Benintendi is having a much better season than Gallo, though in a very different style. In contrast to Gallo’s high-powered, high-strikeout approach, Benintendi would bring a more contact-oriented profile. His 14.2% strikeout rate is well below the 22.2% league average and far lower than the 38.3% rate Gallo has on the year. However, he’s hit just three homers on the season, compared to Gallo’s ten. All told, Benintendi is slashing .317/.387/.402 for a wRC+ of 128, a significant upgrade on Gallo’s 84.
Salary wise, swapping in Benintendi for Gallo wouldn’t make a huge difference for the Yanks. Both players are impending free agents, with Benintendi making $8.5MM and Gallo $10.275MM. Jason Martinez of Roster Resource calculates the Yankees’ CBT number to be $262MM at the moment, placing them beyond the $250MM second threshold but shy of the $270MM third threshold.
The Royals will have no interest in Gallo, of course. As a rebuilding team currently sporting a 31-52 record, they will be looking for long-term assets, either prospects or perhaps players recently reaching the majors. That leaves the Yankees to figure out who wants to take a shot on Gallo and hope for a bounceback. If a team wanted to convince themselves that Gallo was due for a turnaround, they could perhaps look at his HR/FB rate. It’s 17.5% this year, well below his career rate of 27% and his single-season career high of 37.3% in 2019. However, his Statcast page is a real mixed bag, with Gallo still capable of hitting the ball very hard, though not with enough frequency. His max exit velocity is in the 90th percentile, but his average exit velocity is just in the 40th. Any team acquiring him would have to hope for a bit more consistency, with that average exit velocity ticking up from this year’s 88.6 mph towards the 93-95 mph range of his better seasons.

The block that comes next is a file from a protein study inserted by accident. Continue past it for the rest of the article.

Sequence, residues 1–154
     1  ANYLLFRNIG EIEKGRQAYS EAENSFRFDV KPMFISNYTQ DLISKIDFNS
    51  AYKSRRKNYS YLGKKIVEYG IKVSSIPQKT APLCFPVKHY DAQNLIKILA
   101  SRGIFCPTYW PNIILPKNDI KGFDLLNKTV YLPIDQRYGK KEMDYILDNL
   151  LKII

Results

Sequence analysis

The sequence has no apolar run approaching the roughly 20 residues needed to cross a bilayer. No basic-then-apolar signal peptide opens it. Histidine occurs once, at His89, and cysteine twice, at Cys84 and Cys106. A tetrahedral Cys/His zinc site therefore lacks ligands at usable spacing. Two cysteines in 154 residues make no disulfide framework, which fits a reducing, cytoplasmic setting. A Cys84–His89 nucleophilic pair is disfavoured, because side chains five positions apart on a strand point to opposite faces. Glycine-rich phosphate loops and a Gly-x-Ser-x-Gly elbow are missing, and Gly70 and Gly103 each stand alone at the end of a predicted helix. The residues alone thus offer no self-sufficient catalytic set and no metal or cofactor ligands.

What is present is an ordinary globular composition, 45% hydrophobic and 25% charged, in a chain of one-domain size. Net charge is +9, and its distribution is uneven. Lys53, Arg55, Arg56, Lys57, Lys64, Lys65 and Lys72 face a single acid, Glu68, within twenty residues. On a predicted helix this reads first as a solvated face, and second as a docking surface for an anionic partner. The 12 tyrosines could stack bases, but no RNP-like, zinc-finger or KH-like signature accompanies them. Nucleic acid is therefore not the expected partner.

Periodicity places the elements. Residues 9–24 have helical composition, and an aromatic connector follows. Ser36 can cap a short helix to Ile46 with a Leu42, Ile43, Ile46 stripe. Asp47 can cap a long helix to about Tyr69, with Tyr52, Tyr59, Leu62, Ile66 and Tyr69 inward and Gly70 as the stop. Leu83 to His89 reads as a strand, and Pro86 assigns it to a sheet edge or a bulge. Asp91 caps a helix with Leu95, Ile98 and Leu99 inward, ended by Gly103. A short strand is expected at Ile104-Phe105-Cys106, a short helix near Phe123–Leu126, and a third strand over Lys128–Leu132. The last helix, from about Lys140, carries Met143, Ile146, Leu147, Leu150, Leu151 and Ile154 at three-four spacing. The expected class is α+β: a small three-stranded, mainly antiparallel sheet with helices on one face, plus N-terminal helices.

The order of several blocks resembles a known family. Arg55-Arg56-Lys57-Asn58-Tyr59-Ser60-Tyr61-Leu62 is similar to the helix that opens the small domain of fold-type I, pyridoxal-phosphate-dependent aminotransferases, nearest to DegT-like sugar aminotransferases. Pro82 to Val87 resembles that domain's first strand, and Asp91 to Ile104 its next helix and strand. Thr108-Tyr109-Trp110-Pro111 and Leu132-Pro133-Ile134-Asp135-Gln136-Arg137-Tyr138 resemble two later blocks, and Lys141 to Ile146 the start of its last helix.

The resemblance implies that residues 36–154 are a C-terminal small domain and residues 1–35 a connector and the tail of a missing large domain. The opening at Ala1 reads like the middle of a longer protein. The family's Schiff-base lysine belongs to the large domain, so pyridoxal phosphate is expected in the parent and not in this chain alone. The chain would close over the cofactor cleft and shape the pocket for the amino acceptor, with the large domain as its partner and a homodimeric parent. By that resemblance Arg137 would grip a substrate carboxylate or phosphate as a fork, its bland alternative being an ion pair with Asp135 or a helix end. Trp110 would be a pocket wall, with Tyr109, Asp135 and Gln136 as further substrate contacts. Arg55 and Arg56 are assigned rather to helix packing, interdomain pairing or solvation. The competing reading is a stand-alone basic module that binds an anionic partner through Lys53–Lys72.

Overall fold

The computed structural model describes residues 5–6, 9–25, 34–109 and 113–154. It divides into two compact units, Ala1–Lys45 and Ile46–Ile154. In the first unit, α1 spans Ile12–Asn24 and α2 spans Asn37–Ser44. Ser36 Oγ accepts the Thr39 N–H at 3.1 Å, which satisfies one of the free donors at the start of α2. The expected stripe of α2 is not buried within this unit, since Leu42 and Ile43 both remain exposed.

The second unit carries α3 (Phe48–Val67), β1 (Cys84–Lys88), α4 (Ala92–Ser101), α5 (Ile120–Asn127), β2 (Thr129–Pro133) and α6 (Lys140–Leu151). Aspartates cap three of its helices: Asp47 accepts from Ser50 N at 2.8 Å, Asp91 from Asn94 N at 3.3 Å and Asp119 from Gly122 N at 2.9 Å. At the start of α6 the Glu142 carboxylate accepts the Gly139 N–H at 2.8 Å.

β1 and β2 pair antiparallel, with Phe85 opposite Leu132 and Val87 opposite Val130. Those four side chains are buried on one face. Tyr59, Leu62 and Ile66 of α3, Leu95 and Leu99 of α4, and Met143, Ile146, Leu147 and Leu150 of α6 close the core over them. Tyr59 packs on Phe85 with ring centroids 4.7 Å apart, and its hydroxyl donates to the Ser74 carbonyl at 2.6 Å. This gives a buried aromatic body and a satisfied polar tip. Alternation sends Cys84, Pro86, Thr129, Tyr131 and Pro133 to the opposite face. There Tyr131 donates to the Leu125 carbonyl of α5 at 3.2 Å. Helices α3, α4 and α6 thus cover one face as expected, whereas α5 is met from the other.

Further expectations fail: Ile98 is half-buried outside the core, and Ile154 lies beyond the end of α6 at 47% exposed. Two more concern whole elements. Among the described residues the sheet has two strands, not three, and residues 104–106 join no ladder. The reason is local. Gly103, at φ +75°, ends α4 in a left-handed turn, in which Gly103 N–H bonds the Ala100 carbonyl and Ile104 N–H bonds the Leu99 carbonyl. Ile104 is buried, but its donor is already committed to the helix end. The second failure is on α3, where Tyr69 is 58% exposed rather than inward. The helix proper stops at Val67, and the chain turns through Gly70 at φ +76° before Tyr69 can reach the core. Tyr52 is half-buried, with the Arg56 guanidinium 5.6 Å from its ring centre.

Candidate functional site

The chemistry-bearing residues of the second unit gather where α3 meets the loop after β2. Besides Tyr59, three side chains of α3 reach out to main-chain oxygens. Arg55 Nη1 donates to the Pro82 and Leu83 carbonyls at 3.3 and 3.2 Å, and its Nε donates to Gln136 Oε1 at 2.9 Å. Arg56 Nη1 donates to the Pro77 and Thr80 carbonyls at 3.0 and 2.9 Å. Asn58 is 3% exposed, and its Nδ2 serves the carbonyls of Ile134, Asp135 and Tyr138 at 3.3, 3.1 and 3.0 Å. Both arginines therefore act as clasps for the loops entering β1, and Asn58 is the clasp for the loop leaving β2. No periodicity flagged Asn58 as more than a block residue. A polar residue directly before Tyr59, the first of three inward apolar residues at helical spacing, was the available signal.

The report from Heyman and Martin suggests the Yankees’ best bet would be teams run by his former bosses in Texas. There’s the Rangers themselves, who are within four games of a playoff spot and could consider doing some buying. Seeing them go after a rental like Gallo would be surprising, though, as this is the first year of what the club hopes to be a multi-year competitive window. Players with a bit more control would be more obvious fits, though perhaps the Yankees are motivated enough to move on from Gallo that they package him with someone else or eat part of his salary. In the short-term, there’s certainly room for Gallo, given the club’s roster. The Rangers have been featuring an outfield mix of Adolis Garcia, Kole Calhoun, Brad Miller and Leody Taveras in recent days. Miller is having an even worse year than Gallo, slashing .210/.261/.347 for a wRC+ of 73. The club has also been featuring Mitch Garver at designated hitter most of the time, but he’s going to undergo season-ending surgery tomorrow.